Sunday, Apr 02, 2023

Under The Guise Of Religion

Under The Guise Of Religion

The persistent demand for the extension of blasphemy laws around the world is a real danger for all. There is a need to keep alive the rich tradition that France has had to mock and caricature powers that be -- religious or otherwise.

After the massacre in Charlie Hebdo in Paris on January 7, 2015, expressing indignation, as so many are doing, is not enough.

A quick look at the English-speaking media shows that whilst many condemn the violence itself, they also assert that Charlie Hebdo courted (and maybe deserved?) a strong response from “Muslims”. Charlie’s regular cartoonists did not spare Islam, any other religion, nor fanatics and bigots.

This trend in the media requires our attention. Apparently secularists, agnostics and atheists must keep silent and do not deserve the kind of respect that believers are entitled to; nor can they enjoy free speech to the same degree.

In the name of “respect” of religions and of the religious sentiments of believers, it is indeed the fanatical religious-Right that is being supported and given centre stage. Meanwhile, those who are on the forefront of countering armed fundamentalists are left to their own devices. It is high time to give these secularists prominence, to recognise their courage and their political clarity and to stop labelling them “Islamophobic”.

In October 2014, secularists— including atheists, agnostics and believers from many countries, in particular many Muslim-majority countries, met in London to denounce the religious-Right and to demand being seen as its alternative. It is high time to learn from their analysis and lived experiences.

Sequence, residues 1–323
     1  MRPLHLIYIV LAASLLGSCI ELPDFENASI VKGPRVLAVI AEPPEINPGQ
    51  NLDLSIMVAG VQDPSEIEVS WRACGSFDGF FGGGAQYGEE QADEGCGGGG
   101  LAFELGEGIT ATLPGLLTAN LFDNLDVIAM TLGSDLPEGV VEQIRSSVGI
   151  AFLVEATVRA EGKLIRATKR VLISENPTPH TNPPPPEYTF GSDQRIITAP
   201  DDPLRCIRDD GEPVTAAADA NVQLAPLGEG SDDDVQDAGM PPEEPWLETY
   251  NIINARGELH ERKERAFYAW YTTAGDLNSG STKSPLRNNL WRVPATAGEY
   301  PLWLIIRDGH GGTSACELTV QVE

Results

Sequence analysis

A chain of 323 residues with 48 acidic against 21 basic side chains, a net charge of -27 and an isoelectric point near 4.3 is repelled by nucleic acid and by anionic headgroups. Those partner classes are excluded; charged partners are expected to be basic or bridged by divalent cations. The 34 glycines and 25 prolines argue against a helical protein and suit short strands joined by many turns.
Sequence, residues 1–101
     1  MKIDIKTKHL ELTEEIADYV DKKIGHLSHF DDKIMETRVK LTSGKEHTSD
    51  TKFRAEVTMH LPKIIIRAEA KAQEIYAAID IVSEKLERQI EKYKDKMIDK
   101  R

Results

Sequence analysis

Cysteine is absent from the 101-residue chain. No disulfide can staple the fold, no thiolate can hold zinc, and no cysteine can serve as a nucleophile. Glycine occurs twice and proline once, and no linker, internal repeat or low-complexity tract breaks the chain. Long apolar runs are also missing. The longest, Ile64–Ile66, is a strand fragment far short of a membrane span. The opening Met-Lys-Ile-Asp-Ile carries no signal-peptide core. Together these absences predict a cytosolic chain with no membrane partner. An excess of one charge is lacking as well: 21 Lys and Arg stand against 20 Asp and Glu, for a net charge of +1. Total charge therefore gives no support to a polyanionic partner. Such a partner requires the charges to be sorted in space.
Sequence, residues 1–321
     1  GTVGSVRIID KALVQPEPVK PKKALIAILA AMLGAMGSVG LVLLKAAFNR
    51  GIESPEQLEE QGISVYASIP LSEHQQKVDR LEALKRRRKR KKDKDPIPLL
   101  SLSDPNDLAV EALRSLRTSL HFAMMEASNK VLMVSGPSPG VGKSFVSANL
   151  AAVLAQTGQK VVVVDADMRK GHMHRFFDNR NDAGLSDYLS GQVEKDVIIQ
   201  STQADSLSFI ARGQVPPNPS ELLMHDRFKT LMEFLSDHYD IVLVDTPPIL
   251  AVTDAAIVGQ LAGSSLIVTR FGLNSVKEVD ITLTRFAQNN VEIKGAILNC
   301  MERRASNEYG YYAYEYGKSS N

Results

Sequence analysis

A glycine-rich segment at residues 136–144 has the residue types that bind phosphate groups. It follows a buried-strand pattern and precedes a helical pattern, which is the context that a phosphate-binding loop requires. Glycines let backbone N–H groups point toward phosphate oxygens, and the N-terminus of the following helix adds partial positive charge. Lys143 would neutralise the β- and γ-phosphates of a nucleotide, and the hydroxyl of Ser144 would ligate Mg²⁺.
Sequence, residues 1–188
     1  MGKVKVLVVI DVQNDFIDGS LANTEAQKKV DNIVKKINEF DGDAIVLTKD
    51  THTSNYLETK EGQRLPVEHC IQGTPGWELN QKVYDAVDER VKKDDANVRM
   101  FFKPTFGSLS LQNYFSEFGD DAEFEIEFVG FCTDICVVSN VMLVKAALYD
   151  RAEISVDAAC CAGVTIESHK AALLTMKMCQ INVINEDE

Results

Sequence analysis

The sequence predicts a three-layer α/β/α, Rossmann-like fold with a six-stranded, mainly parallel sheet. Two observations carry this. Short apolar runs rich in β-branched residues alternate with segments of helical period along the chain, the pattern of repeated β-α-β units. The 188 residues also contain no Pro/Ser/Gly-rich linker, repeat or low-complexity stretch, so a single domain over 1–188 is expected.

The tragic massacre in Paris will undoubtedly give fuel to the traditional xenophobic far-Right and the immediate danger is an increase in racism, marginalization and exclusion of people of Muslim descent in Europe and further. We do not want to witness “anti-Muslim witch hunts” nor do we welcome the promotion of “moderate” Islamists by governments as official political partners. 

What is needed is a straightforward analysis of the political nature of armed Islamists: they are an extreme-Right political force, working under the guise of religion and they aim at political power. They should be combated by political means and mass mobilisation, not by giving extra privileges to any religion.

Their persistent demand for the extension of blasphemy laws around the world is a real danger for all. France has a long— and now growingly endangered— tradition of secularism; which allows dissent from religions and the right to express this dissent. It has had a rich tradition to mock and caricature powers that be— religious or otherwise. Let us keep this hard won right which cost so many lives in history, and, alas, still does— as Charlie Hebdo’s twelve dead and numerous wounded demonstrate.


  • Marieme Helie Lucas, Algerian Sociologist and 'Secularism is a Women’s Issue' Founder